Special Needs Trust: Eligibility Requirements and Use Cases

HomeTrusts and Asset ManagementSpecial Needs Trust: Eligibility Requirements and Use Cases

One question we often get from personal injury attorneys with settling cases is: “Who is eligible for a special needs trust and who isn’t? And in what situations should I worry about it?”

A client receiving needs-based government benefits like Medicaid or SSI can lose these benefits once they receive a settlement check. One way to protect their eligibility for these benefits is through the use of a special needs trust.

What is a Special Needs Trust and What are the Different Types?

A special needs trust is a legal arrangement that provides the physically or mentally handicapped to receive additional financial support without the risk of losing their eligibility for disability benefits, such as SSI or Medicaid. In addition, a special needs trust is also a fiduciary relationship, which means that a person or organization is responsible for managing the assets of the beneficiary.

The two types of special needs trusts are:

  • First-Party Special Needs Trust: This type of trust consists of the beneficiary’s own assets, such as funds received from an inheritance or a court settlement.
  • Third-Party Special Needs Trust: Unlike a first-party special needs trust, a third-party special needs trust typically consists of assets that belong to the beneficiary’s family, relatives, or friends.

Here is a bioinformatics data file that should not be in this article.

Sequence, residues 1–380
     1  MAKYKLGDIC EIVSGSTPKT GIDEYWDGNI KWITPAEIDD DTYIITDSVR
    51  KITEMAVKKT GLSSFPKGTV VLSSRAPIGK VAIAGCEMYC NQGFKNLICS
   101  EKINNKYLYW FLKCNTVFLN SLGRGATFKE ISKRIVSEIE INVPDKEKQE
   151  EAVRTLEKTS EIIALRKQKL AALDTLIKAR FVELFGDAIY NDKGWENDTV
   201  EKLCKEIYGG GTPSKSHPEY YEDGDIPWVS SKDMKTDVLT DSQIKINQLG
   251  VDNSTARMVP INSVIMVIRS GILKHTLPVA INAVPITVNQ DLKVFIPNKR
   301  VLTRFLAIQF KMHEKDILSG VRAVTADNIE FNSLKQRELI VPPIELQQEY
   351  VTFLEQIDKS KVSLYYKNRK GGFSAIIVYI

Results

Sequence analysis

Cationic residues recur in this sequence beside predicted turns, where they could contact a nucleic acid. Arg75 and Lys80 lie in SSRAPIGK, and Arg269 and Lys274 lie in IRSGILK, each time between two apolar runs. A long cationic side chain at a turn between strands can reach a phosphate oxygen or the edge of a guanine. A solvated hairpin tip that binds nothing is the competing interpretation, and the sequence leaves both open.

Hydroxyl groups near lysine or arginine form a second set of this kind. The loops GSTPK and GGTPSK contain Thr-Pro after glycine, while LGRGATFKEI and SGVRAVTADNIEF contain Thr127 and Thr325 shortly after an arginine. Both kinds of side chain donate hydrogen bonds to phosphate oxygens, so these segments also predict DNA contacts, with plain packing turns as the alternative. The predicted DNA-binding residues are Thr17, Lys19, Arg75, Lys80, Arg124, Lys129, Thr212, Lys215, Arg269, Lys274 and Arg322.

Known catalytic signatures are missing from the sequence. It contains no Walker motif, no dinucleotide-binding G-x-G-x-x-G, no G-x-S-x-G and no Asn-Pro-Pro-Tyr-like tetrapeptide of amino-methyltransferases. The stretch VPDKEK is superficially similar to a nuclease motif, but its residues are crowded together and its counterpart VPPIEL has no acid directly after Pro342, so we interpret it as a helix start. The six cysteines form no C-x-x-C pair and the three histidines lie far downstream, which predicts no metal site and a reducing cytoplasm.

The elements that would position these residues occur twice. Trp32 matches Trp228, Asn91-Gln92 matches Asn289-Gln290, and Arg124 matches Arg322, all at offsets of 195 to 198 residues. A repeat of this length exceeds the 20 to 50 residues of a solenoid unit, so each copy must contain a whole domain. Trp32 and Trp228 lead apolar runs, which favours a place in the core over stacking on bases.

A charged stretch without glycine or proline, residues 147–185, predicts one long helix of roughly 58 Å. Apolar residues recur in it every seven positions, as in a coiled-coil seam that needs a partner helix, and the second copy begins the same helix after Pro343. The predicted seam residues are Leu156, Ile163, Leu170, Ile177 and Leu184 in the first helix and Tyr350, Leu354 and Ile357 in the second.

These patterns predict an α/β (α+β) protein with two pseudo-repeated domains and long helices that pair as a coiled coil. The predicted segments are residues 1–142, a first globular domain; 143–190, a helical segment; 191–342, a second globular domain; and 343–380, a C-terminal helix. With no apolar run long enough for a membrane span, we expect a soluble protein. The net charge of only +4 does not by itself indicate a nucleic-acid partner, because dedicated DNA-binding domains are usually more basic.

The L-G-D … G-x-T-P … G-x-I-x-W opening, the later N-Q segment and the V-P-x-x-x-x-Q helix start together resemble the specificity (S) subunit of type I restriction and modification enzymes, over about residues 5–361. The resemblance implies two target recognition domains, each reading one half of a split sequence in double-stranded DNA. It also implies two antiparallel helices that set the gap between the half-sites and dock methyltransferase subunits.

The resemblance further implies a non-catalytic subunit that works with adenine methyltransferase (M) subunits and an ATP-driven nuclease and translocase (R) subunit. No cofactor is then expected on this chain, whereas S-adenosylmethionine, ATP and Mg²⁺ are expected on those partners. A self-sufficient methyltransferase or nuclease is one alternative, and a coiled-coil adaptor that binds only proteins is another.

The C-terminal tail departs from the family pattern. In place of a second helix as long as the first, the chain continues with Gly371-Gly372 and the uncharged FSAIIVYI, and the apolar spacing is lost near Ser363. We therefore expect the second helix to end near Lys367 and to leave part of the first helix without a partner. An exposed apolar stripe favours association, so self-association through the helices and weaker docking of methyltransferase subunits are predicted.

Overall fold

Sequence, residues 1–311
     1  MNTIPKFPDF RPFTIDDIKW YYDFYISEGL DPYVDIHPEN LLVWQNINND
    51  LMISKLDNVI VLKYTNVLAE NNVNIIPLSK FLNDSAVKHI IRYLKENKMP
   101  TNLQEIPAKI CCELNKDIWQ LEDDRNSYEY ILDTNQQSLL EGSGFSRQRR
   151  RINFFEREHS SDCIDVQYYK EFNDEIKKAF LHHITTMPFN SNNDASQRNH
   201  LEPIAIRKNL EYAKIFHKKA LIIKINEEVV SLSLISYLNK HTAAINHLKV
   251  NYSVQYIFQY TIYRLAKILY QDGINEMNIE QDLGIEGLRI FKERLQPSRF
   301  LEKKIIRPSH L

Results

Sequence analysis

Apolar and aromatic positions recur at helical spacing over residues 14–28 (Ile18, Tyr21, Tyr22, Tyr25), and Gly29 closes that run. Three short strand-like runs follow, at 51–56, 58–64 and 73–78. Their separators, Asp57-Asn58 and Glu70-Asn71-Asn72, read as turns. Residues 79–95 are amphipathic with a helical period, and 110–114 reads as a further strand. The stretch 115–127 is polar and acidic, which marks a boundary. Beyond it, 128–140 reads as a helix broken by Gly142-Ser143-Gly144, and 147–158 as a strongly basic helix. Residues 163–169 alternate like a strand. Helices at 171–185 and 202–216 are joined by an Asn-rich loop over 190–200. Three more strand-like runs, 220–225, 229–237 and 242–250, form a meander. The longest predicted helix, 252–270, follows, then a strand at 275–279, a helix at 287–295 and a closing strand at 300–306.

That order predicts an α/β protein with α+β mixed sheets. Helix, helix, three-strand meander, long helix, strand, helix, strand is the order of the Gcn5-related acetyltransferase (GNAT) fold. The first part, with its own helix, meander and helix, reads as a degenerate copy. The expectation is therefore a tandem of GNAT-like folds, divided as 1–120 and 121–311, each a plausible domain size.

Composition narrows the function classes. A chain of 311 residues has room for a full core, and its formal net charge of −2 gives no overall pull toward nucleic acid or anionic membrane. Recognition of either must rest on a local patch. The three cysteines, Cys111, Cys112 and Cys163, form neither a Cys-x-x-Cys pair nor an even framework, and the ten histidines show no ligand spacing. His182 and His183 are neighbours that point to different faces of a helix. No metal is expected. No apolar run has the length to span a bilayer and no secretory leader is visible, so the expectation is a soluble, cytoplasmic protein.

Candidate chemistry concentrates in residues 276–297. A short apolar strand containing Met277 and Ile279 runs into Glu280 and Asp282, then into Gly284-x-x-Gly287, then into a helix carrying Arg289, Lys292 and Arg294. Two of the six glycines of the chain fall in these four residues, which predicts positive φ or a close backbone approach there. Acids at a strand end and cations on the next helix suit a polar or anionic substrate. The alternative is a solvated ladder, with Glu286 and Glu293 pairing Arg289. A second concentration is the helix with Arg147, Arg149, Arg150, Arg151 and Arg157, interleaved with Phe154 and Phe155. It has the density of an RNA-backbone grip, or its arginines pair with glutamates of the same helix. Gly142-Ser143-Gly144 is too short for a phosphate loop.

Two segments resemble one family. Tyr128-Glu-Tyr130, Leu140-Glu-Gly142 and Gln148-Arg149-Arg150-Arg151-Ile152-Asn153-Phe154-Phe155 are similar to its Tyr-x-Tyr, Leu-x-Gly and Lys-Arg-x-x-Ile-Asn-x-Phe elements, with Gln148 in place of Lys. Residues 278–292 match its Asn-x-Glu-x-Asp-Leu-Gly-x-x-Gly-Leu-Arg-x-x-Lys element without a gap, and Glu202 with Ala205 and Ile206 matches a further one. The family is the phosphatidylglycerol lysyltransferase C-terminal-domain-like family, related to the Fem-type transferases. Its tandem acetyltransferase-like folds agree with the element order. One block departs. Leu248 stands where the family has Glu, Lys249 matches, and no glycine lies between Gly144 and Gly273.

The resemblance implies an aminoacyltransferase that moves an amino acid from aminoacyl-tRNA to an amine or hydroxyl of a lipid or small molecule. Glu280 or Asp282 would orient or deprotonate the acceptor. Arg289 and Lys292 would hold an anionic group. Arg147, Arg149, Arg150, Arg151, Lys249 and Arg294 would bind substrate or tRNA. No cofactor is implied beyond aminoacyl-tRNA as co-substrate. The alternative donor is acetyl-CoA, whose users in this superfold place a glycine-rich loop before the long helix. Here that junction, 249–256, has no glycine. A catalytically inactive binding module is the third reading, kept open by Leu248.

How Can a Client Become Eligible for a Special Needs Trust?

The following are the eligibility requirements to create a special needs trust for the client:

  1. The client is aged 64 years old or younger.
  2. The client has been deemed disabled by the Social Security Administration.

If you have a client who has a disability and is 64 years old or younger, they are eligible to establish a special needs trust.

There was a previous requirement that the special needs trust had to be established by a parent, a grandparent, or the court, but this was recently changed. Assuming the client is mentally competent, they can establish their own special needs trust if they fit the requirement. 

Conclusion

If you’ve got a client that meets the requirements and wants to protect their Medicaid and SSI benefits when they receive a settlement, you might want to establish a special needs trust for them. It’s a perfect opportunity for clients to protect needed benefits while they receive the settlement funds in a trust that can give them peace of mind and improve their quality of life.

If you have any questions about special needs trust, feel free to give us a call.

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